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Re: SVGT 1.2: Appendix C3: SVG Error Processing

From: Maciej Stachowiak <mjs@apple.com>
Date: Mon, 2 Jan 2006 02:29:58 -0800
Message-Id: <AFCBDC53-DA3F-4C72-9EA7-C1894129B991@apple.com>
Cc: www-svg@w3.org
To: Jim Ley <jim@jibbering.com>


On Jan 2, 2006, at 1:34 AM, Jim Ley wrote:

> "Maciej Stachowiak" <mjs@apple.com> wrote in message
> news:B967F07A-7D2F-462A-9E42-548657F1DCB2@apple.com...
>> HTML specifications have historically declined to specify error   
>> recovery
>> behavior. However, the end result is that current UAs must  in  
>> practice
>> implement a large, complex, completely unspecified set of  error  
>> recovery
>> behavior based on the behavior of past dominant UAs.
>
> No, they don't _have_ to, they choose to.

They choose to because they wish to have more than the trivial number  
of users that is willing to put up with a great number of web sites  
not working. Over time there is pressure for UAs to converge in  
behavior for unspecified features that are easy to run into.

> And given that any error recovery will be large and complex all  
> you're gaining is the specified part - since a  dominant UA is  
> likely to have bugs in the error recovery you are still stuck   
> choosing either to reverse engineer the dominant UA or follow the  
> spec even when all the content relies on the dominant UA behaviour.

I disagree:

- No specified behavior could possibly be as ridiculous as the de  
facto standard behavior for HTML. For a few examples try doing a  
google search for the term "residual style". Ian and I have a lot of  
experience with these issues for HTML. This was part of Ian's point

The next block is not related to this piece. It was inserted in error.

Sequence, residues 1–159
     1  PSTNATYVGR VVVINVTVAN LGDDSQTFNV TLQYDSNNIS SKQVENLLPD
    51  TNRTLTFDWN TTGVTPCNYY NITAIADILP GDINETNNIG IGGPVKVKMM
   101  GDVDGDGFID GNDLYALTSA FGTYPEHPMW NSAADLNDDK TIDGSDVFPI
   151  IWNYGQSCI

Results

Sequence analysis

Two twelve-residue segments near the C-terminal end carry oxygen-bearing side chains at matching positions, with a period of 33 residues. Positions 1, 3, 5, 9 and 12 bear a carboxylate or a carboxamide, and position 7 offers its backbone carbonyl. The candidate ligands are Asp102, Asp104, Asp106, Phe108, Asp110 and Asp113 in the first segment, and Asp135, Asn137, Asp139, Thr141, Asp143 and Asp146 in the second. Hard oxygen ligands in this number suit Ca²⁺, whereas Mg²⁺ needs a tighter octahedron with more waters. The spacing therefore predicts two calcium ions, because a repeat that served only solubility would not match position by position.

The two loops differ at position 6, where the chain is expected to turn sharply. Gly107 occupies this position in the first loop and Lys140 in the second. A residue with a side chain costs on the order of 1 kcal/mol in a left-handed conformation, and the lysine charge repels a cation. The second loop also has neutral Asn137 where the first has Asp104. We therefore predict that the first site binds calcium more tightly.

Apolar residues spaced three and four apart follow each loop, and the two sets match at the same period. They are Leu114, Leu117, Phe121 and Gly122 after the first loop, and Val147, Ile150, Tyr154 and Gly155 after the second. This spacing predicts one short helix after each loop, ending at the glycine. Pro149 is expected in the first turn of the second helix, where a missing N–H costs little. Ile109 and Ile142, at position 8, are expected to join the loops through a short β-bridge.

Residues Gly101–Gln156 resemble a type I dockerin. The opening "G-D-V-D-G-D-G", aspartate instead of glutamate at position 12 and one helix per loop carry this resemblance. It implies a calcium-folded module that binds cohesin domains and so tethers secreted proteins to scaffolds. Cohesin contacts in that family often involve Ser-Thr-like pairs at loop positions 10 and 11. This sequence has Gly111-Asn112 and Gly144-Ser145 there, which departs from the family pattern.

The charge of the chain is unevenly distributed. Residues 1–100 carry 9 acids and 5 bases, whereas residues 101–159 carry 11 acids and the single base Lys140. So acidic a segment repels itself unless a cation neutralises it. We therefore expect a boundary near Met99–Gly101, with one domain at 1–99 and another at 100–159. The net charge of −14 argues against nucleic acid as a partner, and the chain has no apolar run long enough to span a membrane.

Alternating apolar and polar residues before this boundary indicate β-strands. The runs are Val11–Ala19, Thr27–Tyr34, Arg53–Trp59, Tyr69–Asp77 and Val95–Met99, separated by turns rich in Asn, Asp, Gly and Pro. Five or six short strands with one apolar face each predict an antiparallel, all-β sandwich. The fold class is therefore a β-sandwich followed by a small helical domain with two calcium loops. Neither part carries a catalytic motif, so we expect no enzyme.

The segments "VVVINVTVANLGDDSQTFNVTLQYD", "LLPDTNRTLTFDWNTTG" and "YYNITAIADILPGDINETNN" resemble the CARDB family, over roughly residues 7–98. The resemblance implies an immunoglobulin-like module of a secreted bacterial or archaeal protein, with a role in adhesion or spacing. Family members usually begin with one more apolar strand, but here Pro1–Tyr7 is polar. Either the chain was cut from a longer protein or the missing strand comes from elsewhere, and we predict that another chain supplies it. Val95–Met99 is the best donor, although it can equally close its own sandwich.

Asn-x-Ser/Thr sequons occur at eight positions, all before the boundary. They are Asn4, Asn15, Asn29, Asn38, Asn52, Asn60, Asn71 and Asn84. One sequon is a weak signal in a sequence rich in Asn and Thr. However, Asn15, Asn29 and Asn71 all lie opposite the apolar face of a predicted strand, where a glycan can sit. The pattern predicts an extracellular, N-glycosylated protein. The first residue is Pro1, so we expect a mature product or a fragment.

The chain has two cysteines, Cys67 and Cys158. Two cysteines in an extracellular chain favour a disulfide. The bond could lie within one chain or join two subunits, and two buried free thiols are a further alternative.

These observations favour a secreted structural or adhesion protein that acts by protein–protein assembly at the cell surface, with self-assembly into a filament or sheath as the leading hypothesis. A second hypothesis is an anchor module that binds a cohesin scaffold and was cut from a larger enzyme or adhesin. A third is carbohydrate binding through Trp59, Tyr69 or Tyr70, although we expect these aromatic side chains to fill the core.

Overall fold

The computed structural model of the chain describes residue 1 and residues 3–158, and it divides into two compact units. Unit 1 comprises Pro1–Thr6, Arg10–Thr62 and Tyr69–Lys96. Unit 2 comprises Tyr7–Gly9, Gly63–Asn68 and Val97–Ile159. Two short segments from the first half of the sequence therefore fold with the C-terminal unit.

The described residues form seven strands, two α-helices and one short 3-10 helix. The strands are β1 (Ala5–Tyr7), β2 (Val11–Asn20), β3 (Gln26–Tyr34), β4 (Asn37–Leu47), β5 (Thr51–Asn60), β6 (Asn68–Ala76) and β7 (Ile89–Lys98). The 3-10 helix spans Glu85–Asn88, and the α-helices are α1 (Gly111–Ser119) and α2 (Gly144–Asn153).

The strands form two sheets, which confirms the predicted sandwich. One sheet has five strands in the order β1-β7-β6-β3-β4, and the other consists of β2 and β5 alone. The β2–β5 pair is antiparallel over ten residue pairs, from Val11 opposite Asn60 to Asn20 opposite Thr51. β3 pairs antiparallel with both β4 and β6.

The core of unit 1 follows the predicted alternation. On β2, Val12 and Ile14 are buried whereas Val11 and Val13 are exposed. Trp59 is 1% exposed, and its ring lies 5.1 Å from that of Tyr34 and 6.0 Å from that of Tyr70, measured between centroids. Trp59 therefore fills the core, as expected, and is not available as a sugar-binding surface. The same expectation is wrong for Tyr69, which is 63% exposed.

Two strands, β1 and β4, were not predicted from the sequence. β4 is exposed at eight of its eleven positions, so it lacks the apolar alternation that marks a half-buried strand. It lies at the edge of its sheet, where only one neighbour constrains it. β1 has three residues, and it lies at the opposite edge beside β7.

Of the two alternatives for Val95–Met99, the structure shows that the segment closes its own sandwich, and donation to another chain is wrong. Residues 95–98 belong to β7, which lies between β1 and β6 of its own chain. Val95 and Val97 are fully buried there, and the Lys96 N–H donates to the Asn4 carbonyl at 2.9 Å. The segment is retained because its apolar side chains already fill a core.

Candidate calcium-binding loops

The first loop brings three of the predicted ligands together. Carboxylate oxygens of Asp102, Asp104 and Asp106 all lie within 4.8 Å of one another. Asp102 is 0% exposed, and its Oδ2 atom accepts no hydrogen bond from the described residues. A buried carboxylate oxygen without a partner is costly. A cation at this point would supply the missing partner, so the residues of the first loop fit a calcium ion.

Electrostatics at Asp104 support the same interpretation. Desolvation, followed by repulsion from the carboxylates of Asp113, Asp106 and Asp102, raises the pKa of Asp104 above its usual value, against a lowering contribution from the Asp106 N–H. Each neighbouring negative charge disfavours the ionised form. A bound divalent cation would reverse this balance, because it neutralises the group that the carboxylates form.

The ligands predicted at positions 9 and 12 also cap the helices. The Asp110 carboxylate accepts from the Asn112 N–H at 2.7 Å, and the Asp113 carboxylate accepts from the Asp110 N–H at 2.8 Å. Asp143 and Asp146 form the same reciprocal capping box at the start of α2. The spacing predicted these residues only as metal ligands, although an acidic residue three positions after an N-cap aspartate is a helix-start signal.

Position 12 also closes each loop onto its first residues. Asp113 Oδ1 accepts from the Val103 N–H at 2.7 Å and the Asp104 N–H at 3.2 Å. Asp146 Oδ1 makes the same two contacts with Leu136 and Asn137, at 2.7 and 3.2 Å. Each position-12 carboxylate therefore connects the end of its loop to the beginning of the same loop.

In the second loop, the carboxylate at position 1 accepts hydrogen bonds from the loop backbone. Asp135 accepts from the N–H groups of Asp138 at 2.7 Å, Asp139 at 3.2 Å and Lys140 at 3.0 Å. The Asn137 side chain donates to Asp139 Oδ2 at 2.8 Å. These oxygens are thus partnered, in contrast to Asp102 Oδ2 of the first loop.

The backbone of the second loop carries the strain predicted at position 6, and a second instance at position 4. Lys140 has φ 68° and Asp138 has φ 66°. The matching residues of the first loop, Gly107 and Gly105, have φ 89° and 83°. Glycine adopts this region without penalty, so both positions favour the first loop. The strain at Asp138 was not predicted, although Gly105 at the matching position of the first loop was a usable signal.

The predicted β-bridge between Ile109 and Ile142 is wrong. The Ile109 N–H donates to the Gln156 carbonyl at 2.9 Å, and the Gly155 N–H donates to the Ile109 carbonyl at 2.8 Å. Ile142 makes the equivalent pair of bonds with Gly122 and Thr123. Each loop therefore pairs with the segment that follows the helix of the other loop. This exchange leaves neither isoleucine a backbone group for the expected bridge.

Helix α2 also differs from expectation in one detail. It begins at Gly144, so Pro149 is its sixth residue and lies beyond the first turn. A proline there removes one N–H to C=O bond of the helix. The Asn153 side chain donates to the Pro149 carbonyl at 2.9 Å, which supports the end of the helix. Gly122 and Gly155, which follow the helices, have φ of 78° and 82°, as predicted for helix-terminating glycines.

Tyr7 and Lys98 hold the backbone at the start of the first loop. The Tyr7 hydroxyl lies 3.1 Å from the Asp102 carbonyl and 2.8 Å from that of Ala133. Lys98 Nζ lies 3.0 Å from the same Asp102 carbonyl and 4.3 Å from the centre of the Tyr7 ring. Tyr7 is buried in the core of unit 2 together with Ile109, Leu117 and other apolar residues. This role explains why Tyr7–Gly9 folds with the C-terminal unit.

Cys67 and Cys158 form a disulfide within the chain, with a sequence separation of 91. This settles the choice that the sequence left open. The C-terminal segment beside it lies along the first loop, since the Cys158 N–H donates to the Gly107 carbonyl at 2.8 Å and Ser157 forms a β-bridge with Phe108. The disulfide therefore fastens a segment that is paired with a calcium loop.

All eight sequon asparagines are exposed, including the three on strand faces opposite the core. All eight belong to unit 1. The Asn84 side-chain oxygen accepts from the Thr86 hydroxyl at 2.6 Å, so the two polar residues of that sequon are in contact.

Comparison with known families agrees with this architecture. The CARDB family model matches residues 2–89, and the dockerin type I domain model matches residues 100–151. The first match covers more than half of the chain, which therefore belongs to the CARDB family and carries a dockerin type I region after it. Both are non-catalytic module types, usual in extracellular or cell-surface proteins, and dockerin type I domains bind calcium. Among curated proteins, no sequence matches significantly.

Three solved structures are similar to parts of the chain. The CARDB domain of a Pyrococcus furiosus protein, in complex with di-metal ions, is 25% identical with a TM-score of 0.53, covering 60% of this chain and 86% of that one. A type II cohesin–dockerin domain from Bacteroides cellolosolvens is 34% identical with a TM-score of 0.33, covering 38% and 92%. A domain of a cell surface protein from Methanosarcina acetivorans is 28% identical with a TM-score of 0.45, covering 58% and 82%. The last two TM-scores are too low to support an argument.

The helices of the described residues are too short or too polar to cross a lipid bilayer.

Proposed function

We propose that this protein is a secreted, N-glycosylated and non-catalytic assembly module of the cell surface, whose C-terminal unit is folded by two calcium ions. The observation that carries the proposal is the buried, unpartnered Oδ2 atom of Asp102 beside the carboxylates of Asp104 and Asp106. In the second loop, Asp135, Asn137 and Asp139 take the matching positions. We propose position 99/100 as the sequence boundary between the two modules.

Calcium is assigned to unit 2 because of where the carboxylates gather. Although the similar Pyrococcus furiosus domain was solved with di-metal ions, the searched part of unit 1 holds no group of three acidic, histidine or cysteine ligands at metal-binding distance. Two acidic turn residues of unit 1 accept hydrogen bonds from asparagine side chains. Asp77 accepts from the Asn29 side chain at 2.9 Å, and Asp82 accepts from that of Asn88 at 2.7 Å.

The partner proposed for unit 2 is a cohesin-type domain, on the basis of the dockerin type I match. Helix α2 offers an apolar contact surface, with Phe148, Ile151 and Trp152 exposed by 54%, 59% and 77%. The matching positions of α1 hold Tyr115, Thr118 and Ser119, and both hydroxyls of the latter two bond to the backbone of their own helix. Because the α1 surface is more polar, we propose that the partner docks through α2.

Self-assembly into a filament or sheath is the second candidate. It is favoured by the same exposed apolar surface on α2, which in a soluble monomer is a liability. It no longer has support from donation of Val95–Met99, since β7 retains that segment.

in his message. Write something sane while you have the chance, or  
the evolved de facto standard will be insane.

- Existence of a standard provides a club with which to beat  
laggardly UAs and content authors - consider how much work IE 7 is  
doing to improve their CSS support to comply with the standard, and  
how there is a "strict mode" where all UAs try to provide correct CSS  
behavior.

> Specifying error recovery does nothing to solve the decision of new  
> user agents deciding to ape the bugs and features of dominant UAs.

If error recovery is not specified, then some particular weird way of  
doing it is not a bug, it is a design choice. It's a lot harder to  
convince someone to change their design choices than to convince them  
to rectify a bug against a particular spec.

I don't think you have presented a convincing counter-argument to the  
experience of HTML, and the contrasting experiences of CSS and XML.  
Having done a fair amount of work on a mainstream web browser, I know  
that HTML is much harder to parse than CSS or XML as a result.

Regards,
Maciej
Received on Monday, 2 January 2006 10:30:12 GMT

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